NonHohmann Transfers: Apse Line Rotation Example#
Another case of nonHohmann orbital transfers are when the apse line of the orbit should be changed. To accomplish the transfer with one impulse, the initial and target orbits must intersect at at least one point. If the orbits do not intersect, then it will require at least two impulses to accomplish the total maneuver, using an intermediate transfer orbit. The case of multiple impulses is a generalization of the singleimpulse case shown here.
In general, two orbits with different apse lines and a common focus will intersect in two locations. We can choose either location to perform the maneuver that switches from one orbit to the other.
In this case, the orbital elements of both orbits are specified, as well as the desired rotation of the apse line. The problem is to find the true anomaly at which the maneuver takes place on the initial orbit, as well as the required \(\Delta v\) to perform the maneuver.
Let \(\eta\) be the rotation angle of the apse line. Then, in terms of the true anomalies on the initial and final orbits, we find that:
Since the initial and final orbits both have their elements specified, we can use the orbit equation, Eq. (113) applied at the intersection point to solve for \(\nu_i\) and \(\nu_f\). We find:
We can use a trigonometric identity to further simplify Eq. (305) to be in terms of \(\nu_i\) only:
In Eq. (306), \(e_i\), \(e_f\), \(p_i\), \(p_f\), and \(\eta\) are all known, so the equation can be solved for \(\nu_i\). There are two roots of Eq. (306). Letting:
the two roots of Eq. (306) are given by:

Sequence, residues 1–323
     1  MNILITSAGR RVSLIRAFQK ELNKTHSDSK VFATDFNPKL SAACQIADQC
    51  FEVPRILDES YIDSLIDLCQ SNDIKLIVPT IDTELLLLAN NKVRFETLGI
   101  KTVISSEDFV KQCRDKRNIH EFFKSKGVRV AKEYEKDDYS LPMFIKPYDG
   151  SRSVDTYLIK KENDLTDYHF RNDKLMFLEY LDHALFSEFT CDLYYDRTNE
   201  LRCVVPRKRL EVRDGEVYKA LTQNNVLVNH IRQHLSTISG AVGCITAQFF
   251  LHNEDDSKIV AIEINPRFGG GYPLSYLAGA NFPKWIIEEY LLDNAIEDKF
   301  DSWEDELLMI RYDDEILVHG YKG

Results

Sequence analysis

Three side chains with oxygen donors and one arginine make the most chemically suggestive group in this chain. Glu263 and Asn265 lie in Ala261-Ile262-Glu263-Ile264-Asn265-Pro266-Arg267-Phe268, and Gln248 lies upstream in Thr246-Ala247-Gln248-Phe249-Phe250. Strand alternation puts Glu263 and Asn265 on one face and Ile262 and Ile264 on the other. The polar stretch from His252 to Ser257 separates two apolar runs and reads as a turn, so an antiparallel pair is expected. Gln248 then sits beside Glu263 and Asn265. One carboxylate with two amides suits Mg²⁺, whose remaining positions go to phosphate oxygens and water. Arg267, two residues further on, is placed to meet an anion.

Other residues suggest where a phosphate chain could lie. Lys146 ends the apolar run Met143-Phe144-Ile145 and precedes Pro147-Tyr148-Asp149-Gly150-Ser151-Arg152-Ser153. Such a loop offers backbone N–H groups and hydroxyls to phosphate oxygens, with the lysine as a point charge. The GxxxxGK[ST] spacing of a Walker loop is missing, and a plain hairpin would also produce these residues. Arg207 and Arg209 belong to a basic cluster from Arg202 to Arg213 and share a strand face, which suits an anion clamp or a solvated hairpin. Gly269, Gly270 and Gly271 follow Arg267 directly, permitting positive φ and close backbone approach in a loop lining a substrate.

where \(a\), \(b\), and \(c\) are given by Eq. (307) and \(\alpha\) is given by:
Subsequently, \(\nu_f\) can be found from Eq. (304).
Example#
An Earth satellite is in an 8000 km by 16,000 km orbit. Calculate the \(\Delta v\) and the true anomaly \(\nu_i\) required to obtain a 7000 km by 21,000 km orbit whose apse line is rotated 25° counterclockwise.
First, we need to determine the orbital parameters of the initial orbit. Then we can find the intersection point of the transfer, giving us \(\nu_i\) and \(\nu_f\). Finally, we will use the true anomalies of the intersection point on each orbit to determine the velocity components and the change of flight path angle, similar to the common apse line example.
import math as m
mu = 3.986E5 # km**3/s**2
R_E = 6_378.1 # km
eta = m.radians(25)
r_p_i = 8_000 + R_E
r_a_i = 16_000 + R_E
a_i = (r_p_i + r_a_i) / 2
e_i = 1  r_p_i / a_i
p_i = a_i * (1  e_i**2)
r_p_f = 7_000 + R_E
r_a_f = 21_000 + R_E
a_f = (r_p_f + r_a_f) / 2
e_f = 1  r_p_f / a_f
p_f = a_f * (1  e_f**2)
a = e_i * p_f  e_f * p_i * m.cos(eta)
b = e_f * p_i * m.sin(eta)
c = p_i  p_f
alpha = m.atan2(b, a)
nu_i = (alpha  m.acos(c / a * m.cos(alpha))) % (2*m.pi)
nu_f = (nu_i  eta) % (2*m.pi)
The results are shown in Table 5. We chose the negative sign in Eq. (308) for convenience. Choosing the positive sign would give a different, although valid, result.
Initial 
Final 


\(a\) (km/s) 
18378.10 
20378.10 
\(e\) 
0.22 
0.34 
\(\nu\) (deg.) 
139.79 
114.79 
With the orbital elements fully determined for both orbits, we can calculate the velocity components, \(\Delta v\), and \(\gamma\).
h_i = m.sqrt(p_i * mu)
h_f = m.sqrt(p_f * mu)
r = p_i / (1 + e_i * m.cos(nu_i))
v_p_i = h_i / r
v_p_f = h_f / r
v_r_i = mu / h_i * e_i * m.sin(nu_i)
v_r_f = mu / h_f * e_f * m.sin(nu_f)
v_i = m.sqrt(v_p_i**2 + v_r_i**2)
v_f = m.sqrt(v_p_f**2 + v_r_f**2)
phi_i = m.degrees(m.atan2(v_r_i, v_p_i))
phi_f = m.degrees(m.atan2(v_r_f, v_p_f))
Delta_v = m.sqrt(v_i**2 + v_f**2  2 * v_i * v_f * m.cos(m.radians(phi_f  phi_i)))
gamma = m.degrees(m.atan2(v_r_f  v_r_i, v_p_f  v_p_i))
The radius at the impulse point is \(r =\) 20997.44 km, the \(\Delta v=\) 0.80 km/s, and the thrust vector angle is \(\gamma =\) 86.23°. The velocity components and flight path angles are shown in Table 6.
Initial 
Transfer 


\(v_{\perp}\) (km/s) 
3.98 
4.03 
\(v_{r}\) (km/s) 
0.67 
1.47 
\(v\) (km/s) 
4.03 
4.29 
\(\phi\) (deg.) 
9.57 
20.02